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In the summer of 1838, Henry Wadsworth Longfellow, then the Smith Professor of Modern Languages at Harvard, opened his public lectures on “Literature and Literary Life” by stating that he would be considering “Authors as Artists.” Asking that his auditors “Think not that thus I degrade the Poet's high vocation into a base handicraft,” Longfellow explained:
It was with no sarcastic meaning that the Icelanders of old called the Poet a Rhyme-Smith. He is God's workman; and amid the smoke and sparks about him, on his sound anvil forges the broad shield of Truth and weapons of her warfare.
Longfellow offered an analogy between poet and smith which hinged on conscious effort and on the service provided by the tangible products of that labor. Poems were “forged” objects, artifacts consciously produced by “God's workman.” Two years later, in autumn 1840, Longfellow composed “The Village Blacksmith”; the poem concluded:
Thus at the flaming forge of life
Our fortunes must be wrought;
Thus on its sounding anvil shaped
Each burning deed and thought.
By 1840, Longfellow no longer explicitly identified the poet's labor with the active work of the blacksmith. Having witnessed or imagined a blacksmith at work, Longfellow organized his impressions into “The Village Blacksmith,” which presented a particular interpretation of those perceptions – the moral of the poem – for the instruction of its readers.
The analogy between the poet and smith turned only on the lesson that the fact of each man's labor could provide to others. The poet was no longer a Rhyme-Smith; instead, he was an instructor who created abstract moral imperatives rather than tangible products.
In his diary in July 1946 Senator Claude Pepper of Florida noted that Great Britain was “showing considerable progress in [a] year under its socialist government – nationalization of [the] Bank of England, coal mines … . They have enacted [a] housing program and extended [the] social security system and a national health system. That is the direction of things everywhere but here.” The question of why American social democracy did not take off in the same way after World War Two as elsewhere in the industrialised world has become an important issue in recent American historiography. Indeed, the question of what was left, in both senses of the word, of “liberalism” after the death of Franklin Roosevelt assumes particular importance when one considers the fact that there were in the United States in 1946 a fair number of liberal political thinkers who were committed to using the New Deal and wartime experience as a launch pad for further left-of-centre political experimentation. Claude Pepper, Henry Wallace, Helen Douglas, Harold Ickes, Rexford Tugwell, Paul Douglas – all were in positions of political or intellectual influence at the end of the Second World War. Yet, by 1950, they would all experience either political defeat or a shift away from vocal commitment to social democratic values.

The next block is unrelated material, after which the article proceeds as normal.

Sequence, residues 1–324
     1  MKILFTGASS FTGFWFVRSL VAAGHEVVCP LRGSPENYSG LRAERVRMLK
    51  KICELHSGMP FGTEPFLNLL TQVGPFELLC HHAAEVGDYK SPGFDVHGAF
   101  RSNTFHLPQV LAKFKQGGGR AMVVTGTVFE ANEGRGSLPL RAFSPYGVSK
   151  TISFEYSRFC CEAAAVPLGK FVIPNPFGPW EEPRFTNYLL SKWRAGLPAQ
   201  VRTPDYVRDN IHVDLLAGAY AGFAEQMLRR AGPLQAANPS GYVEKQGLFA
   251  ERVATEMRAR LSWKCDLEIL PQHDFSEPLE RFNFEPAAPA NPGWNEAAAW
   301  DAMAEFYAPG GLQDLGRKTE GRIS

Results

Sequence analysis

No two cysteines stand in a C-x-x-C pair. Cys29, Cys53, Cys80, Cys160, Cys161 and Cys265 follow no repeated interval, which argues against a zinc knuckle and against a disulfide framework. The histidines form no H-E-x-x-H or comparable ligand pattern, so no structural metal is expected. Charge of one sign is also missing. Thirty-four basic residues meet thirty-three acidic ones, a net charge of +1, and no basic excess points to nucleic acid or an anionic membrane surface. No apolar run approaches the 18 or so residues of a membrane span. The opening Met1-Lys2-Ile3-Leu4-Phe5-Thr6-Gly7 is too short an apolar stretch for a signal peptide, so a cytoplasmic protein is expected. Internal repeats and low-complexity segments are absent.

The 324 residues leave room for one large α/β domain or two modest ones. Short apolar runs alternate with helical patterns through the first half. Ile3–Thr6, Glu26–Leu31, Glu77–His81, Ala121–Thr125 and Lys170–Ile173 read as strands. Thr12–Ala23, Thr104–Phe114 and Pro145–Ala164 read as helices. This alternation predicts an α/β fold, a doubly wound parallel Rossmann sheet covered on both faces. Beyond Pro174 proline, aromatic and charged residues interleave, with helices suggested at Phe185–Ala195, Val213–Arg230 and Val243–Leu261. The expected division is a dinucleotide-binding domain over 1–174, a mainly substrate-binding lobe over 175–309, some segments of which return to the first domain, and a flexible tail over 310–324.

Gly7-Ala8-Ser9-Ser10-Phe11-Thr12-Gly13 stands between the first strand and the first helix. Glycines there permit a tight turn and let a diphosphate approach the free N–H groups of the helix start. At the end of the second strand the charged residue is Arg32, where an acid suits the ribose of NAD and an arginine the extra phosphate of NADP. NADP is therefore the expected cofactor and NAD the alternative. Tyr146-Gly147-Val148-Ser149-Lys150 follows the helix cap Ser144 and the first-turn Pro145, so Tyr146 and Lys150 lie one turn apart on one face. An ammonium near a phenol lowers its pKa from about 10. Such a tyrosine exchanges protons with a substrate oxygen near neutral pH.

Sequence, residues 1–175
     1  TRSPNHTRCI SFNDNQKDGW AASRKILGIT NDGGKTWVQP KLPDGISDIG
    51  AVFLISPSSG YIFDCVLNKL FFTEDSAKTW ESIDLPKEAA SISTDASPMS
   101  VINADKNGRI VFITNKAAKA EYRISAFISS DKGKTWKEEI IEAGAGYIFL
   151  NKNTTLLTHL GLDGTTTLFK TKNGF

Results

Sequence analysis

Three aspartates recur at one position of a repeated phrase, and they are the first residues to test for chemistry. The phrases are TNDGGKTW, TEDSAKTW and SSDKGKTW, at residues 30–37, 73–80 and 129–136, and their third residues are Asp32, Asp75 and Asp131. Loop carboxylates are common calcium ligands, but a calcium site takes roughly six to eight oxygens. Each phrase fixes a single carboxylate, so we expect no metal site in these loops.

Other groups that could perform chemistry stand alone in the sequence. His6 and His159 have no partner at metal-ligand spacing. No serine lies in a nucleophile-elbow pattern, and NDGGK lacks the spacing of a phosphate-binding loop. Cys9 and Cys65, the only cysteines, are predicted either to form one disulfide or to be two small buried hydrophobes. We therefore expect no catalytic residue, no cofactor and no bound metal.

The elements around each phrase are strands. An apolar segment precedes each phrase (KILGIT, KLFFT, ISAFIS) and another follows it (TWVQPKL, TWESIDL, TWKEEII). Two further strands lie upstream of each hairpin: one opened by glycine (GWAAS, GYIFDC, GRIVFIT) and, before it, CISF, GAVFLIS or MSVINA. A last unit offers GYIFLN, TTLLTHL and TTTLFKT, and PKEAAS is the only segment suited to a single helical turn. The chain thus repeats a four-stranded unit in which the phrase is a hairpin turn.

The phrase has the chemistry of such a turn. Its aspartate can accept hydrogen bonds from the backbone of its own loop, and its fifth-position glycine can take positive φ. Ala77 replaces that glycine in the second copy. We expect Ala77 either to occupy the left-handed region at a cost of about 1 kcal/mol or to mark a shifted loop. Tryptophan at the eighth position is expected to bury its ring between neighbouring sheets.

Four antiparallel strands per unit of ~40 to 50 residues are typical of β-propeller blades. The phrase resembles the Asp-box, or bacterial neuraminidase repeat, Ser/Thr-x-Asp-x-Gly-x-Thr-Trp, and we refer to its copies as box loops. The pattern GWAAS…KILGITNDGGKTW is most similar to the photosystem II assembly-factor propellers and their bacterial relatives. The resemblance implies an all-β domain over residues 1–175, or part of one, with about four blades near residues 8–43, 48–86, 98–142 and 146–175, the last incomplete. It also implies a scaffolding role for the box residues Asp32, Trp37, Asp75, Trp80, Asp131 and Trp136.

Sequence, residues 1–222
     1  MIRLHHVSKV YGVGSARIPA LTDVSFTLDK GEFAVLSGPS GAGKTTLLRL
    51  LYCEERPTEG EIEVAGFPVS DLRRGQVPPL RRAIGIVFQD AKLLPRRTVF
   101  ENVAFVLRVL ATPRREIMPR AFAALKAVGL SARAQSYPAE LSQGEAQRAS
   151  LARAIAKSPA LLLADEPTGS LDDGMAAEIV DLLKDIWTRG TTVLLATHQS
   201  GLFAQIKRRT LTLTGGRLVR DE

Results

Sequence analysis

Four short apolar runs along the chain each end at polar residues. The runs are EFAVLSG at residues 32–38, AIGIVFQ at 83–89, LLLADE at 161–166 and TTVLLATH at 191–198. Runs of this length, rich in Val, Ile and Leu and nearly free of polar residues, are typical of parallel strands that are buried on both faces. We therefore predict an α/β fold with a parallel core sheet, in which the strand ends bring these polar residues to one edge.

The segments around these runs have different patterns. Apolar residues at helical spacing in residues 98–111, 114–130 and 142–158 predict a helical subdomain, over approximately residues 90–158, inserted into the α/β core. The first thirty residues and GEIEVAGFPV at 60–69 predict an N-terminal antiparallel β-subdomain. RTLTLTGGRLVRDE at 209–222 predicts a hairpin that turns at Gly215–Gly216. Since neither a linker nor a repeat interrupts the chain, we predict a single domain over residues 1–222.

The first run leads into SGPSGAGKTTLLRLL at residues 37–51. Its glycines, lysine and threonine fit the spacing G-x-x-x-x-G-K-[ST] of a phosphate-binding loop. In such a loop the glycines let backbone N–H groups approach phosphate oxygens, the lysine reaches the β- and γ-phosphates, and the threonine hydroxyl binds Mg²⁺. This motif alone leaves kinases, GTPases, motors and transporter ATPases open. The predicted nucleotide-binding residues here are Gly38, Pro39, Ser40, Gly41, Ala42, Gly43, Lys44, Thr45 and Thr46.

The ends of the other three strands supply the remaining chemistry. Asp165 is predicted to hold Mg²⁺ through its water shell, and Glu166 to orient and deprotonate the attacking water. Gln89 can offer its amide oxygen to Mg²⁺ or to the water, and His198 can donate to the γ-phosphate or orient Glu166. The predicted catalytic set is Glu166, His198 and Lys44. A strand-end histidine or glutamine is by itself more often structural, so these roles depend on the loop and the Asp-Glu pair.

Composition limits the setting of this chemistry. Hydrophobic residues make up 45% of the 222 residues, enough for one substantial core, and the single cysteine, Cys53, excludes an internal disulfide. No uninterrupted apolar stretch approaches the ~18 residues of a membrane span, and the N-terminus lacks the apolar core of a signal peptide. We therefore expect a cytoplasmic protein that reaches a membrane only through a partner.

In her 1980 interview with Charles Bukowski, Italian journalist Fernanda Pivano posed what seemed at first an innocuous question: “Why are you called Charles in the books and Hank in your private life?”
Addressing the opening night rally of the National Conference for New Politics (NCNP) Convention on 31 August 1967, the executive director William F. Pepper informed the several thousand delegates that:
Historians may well count your presence here as the most significant gathering of Americans since the founding of our nation. Never before have so many Americans, from so many different living conditions, come from so many diverse sections of the land to dedicate themselves to the rebuilding, indeed to the reclamation of their government and their destinies.
Pepper concluded his remarks by declaring that “it may well be that what you begin here may ultimately result in a new social, economic and political system in the United States.” Outside the auditorium a bongo group was chanting “Kill Whitey.” The convention was one of the most ambitious attempts to forge a broad political alliance of antiwar organisations, New Left insurgents and the radical wing of the civil rights movement in 1960s America. It was planned by the NCNP, a co-ordinating organisation that hoped for a fundamental reconstitution of the American socio-economic and political order. Scholars have largely ignored the NCNP, and although the 1967 convention makes brief appearances in the literature it is generally portrayed as a farcical horror show. However, the motives behind, events of, and reaction to the convention reveals much about “the movement” in late sixties America.